A Pipeline Can Help Mesa, AZ Build for the Future


  • Carolyn Berndt
September 10, 2021 - (4 min read)

Throughout the state of Arizona, the challenge of bringing water to people is one the state has grappled with for decades. The Central Arizona Project (CAP) was created by the Colorado River Basin Project Act of 1968, signed by President Lyndon Johnson on September 30, 1968. It formed a 336-mile system that brings Colorado River water to central and southern Arizona to deliver the state’s single largest renewable water supply serving 80% of the state’s population. It has offered most Arizonans water for a long time, but with some parts of the state steadily continuing to grow, more is needed to address water needs. 

Numbers at a Glance 
Project Cost $90-100 million 
Current Cost of Water for Mesa $10,000 per acre-foot 
Cost of Water with pipeline $52 per acre-foot 

Mesa, AZ, with a population of 538,146, is the 3rd largest city in the state and its growth has expanded steadily for the last 20 years. Bringing water to all constituents in Mesa and especially to the Gila River Indian Community has presented new and difficult challenges. City leaders in Mesa propose the Central Mesa Reuse Pipeline as the solution to the city’s water woes, but at a $100 million price tag, it will not be possible without the federal government investing as a partner. 

“The Central Mesa Reuse Pipeline is the key to unlock future growth in Mesa. With federal investment, we can accelerate the construction of the pipeline and get water to communities in need.  Several billions of dollars of private investment is coming to Mesa. We need to be prepared.”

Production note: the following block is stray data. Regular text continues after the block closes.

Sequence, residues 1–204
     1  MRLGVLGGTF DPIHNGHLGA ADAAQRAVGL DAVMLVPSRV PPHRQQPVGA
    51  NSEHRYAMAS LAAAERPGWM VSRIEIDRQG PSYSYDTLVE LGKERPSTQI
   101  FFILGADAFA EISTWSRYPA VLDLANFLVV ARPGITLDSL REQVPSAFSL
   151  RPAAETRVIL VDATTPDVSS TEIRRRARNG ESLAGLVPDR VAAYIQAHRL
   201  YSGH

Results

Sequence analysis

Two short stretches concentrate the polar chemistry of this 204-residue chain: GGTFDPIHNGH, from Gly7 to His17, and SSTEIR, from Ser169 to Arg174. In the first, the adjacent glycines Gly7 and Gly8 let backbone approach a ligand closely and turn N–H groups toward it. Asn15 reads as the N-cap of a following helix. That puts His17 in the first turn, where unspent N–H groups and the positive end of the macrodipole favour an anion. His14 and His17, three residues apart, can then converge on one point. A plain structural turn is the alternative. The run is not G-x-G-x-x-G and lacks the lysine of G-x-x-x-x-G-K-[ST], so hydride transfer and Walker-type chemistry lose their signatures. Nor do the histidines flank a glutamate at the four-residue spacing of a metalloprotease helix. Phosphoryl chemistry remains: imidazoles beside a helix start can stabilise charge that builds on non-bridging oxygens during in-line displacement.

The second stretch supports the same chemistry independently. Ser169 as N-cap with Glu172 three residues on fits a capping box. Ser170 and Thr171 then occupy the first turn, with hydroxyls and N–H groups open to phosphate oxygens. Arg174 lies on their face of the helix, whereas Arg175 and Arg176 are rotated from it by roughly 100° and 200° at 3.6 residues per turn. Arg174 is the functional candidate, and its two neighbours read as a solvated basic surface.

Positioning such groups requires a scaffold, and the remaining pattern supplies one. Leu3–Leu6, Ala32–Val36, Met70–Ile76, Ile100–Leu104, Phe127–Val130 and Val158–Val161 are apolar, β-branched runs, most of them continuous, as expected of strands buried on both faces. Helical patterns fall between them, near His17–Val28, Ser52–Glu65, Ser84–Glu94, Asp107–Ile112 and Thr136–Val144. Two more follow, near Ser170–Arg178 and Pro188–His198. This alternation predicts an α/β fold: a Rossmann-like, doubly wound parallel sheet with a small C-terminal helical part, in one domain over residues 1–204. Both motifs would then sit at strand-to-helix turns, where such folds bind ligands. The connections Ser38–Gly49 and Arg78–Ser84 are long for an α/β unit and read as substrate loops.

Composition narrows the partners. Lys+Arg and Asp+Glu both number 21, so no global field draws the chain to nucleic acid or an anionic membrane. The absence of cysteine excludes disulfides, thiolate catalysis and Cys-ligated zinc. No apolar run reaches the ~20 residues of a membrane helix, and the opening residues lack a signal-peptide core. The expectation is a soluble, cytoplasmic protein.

Mesa Vice Mayor Jenn Duff 
How Building the Central Mesa Reuse Pipeline Helps Arizona  

According to the American Society of Civil Engineers, Arizona will have more than $15 billion in drinking water and wastewater infrastructure needs over the next two decades. The construction of the pipeline would allow Mesa to move forward with an agreement with the Gila River Indian Community that would exchange treated effluent (wastewater) for billions of gallons of drinking water. This would help continue to fuel the economic development in southeast Mesa and help the Native American community receive water for irrigating crops at much cheaper rates. Without the pipeline, Mesa will be forced to allocate more city funds to purchase water delaying other major infrastructure projects important to the city’s rapid growth.  

Cities Are Ready to Rebuild with Congress’ Help 

Mesa’s infrastructure story is one of the hundreds across the country. From the smallest to largest communities, every community has an infrastructure story to tell, and NLC’s Ready to Rebuild report showcases a range of transportation, water, broadband, and workforce development projects across the country from communities of all sizes that Congress could support with legislation. While projects are different, the message from local officials is the same: infrastructure is a job worth doing, but in most places, it’s now beyond what the local government can handle on its own. Does that sound familiar?   

Take Action: Highlight Your City and Why You’re #ReadytoRebuild  

Join NLC as we keep calling on Congress to directly invest in local infrastructure and prepare for a better future.  

About the Author

Carolyn Berndt

About the Author

Carolyn Berndt is the Legislative Director for Sustainability on the Federal Advocacy team at the National League of Cities.